Chrome OS might be in for a visual overhaul. Late last week, Google's François Beaufort posted the first public screenshot of Athena, which he describes as "a brand new project the Chromium OS team is experimenting with in order to bring a new kind of user experience." The screenshot, according to Beaufort, shows some "simple window management" in action.
As Ars Technica points out, the Athena UI depicted in the screenshot doesn't look all that different from the new multitasking interface in Android L, the next major Android release Google announced a month ago. The browser "cards" are arranged in the same way, and even the network and battery indicators are in the same spot. The only notable difference is the dock-looking thing at the bottom.
Given the similarities with Android, Ars speculates that Athena could take Chrome OS in a more touch-friendly direction—at least compared to the current interface, which is very Windows-y in the old-school desktop sense. The vast majority of today's Chromebooks aren't equipped with touch screens, but a couple of exceptions do exist. (Among them: Google's own outrageously expensive Chromebook Pixel.) Perhaps we'll see more of them in the future.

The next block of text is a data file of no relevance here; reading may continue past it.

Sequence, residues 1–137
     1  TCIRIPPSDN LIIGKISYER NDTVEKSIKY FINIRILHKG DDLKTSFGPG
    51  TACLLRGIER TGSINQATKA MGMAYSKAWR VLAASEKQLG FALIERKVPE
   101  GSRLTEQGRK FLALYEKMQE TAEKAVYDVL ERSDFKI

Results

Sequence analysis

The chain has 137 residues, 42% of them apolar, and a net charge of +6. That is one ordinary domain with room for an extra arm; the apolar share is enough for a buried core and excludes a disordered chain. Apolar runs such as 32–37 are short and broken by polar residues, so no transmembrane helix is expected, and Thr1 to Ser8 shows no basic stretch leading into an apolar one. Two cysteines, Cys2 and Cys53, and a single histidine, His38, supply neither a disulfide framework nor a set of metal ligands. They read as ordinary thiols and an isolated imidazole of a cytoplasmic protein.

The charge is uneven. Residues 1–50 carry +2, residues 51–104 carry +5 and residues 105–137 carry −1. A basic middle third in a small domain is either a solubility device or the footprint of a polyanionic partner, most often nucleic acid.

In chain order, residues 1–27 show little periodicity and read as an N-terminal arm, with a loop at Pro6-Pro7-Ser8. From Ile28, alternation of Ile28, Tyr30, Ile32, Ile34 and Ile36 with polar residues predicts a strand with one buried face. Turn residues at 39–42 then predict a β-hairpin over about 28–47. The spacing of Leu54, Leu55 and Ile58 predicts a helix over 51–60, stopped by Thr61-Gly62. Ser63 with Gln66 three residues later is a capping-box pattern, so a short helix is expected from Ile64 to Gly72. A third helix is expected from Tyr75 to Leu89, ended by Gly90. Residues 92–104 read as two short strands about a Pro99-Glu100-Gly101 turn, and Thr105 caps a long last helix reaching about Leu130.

In any event, Beaufort says you can follow Athena's development by grabbing the Chromium source code and "compiling the convenient 'athena_main' target with ninja -C out/Release athena_main."
|Maxwell's Dynamic Super Resolution explored||23|
|Updated: Microsoft shows Windows 10, preps public preview build for tomorrow||101|
|Windows 9 is actually called... Windows 10||102|
|Doom looks awesome in the Lego universe||13|
|Project Ara phones with hot-swap modules launching in early 2015||5|
|HP's new Intel-powered Win8.1 tablet costs $99||11|
|Hynix slides tease vertically stacked memory with 256GB/s of bandwidth||37|
|Catalyst 14.9 drivers improve performance, CrossFire scaling||44|
|That guy's hair angers me.||+34|